The Perception of the Higher Derivatives of Visual Motion.
Final rept. 30 Sep 85-1 Oct 86,
NEW YORK UNIV N Y DEPT OF PSYCHOLOGY
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This final report provides a brief overview of work conducted prior to the final hear of this project, as more complete descriptions have been published. The overview covers work done on the sensitivity of the perceptual system to changing speed. The stimuli were sinusoidal gratings drifting normal to the lengths of their bars, and speed was modulated. Threshold modulation of speed was about 12 of average speed, although performance was better for higher spatial frequencies and higher average speeds. To avoid effects of contour change,we adopted a random dot approach in which threshold for motion of dots was determined as a function of the proportion of dots exhibiting correlated motion. Thus, threshold is expressed as a signal to noise ratio. For the detection of uniform motion of moderate speed, the percent correlation was about 5.7, i.e., 5 or 6 dots out of 100 had to move together, with all the other dots in random motion. There was approximately a 47 increase in threshold for change in direction of motion where the change in direction was about 30 deg. However, in a parametric experiment it was found that there was a monotonic decrease in threshold with amount of change in direction. Where the change in direction was only 2 deg, it could not be detected even with 100 correlation. At 3 deg. 96 correlation was required. Only 14 correlation required at 30 deg.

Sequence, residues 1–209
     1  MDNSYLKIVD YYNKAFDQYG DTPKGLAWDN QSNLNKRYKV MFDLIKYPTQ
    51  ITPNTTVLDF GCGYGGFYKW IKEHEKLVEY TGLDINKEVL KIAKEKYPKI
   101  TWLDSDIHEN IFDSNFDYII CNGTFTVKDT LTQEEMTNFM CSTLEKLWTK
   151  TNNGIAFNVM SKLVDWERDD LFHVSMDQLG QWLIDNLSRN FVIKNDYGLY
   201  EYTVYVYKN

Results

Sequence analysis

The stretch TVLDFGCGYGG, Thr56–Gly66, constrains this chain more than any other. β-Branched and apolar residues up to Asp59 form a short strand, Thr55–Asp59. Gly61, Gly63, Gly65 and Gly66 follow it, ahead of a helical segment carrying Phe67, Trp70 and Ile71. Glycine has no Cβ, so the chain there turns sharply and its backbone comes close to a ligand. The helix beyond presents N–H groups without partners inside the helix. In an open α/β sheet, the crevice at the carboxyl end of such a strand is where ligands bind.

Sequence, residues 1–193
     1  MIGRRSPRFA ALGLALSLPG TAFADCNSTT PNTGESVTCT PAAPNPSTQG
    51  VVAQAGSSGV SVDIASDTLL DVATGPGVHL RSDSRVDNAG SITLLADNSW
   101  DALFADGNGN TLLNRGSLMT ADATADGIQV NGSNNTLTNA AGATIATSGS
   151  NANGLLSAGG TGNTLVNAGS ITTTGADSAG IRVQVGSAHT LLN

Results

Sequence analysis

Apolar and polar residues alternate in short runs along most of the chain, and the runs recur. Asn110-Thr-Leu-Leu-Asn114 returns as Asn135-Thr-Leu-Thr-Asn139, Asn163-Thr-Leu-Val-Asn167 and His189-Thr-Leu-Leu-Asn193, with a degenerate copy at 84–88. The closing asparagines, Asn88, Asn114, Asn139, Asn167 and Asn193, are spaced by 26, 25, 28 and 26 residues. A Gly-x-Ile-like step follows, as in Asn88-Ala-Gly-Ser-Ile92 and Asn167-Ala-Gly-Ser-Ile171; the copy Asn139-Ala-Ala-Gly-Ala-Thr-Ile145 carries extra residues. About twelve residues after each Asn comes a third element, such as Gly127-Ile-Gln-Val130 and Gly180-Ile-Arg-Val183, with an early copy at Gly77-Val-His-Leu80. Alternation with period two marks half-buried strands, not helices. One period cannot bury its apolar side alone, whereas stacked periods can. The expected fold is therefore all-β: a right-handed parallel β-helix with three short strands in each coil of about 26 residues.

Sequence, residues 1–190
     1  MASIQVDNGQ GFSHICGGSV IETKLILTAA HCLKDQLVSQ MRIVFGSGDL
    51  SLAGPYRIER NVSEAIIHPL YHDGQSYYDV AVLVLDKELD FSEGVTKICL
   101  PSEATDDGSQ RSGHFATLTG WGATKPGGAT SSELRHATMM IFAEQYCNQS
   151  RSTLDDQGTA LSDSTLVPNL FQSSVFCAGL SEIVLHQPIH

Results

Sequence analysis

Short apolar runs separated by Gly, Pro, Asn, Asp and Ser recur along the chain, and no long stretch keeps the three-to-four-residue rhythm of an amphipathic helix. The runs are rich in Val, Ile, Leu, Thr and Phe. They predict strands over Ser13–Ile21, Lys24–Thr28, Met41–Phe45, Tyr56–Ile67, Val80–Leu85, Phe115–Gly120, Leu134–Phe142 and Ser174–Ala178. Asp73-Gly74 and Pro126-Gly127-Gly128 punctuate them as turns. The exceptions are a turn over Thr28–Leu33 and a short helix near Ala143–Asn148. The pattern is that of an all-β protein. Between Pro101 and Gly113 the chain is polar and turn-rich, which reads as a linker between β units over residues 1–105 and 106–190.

- Anatomy and Physiology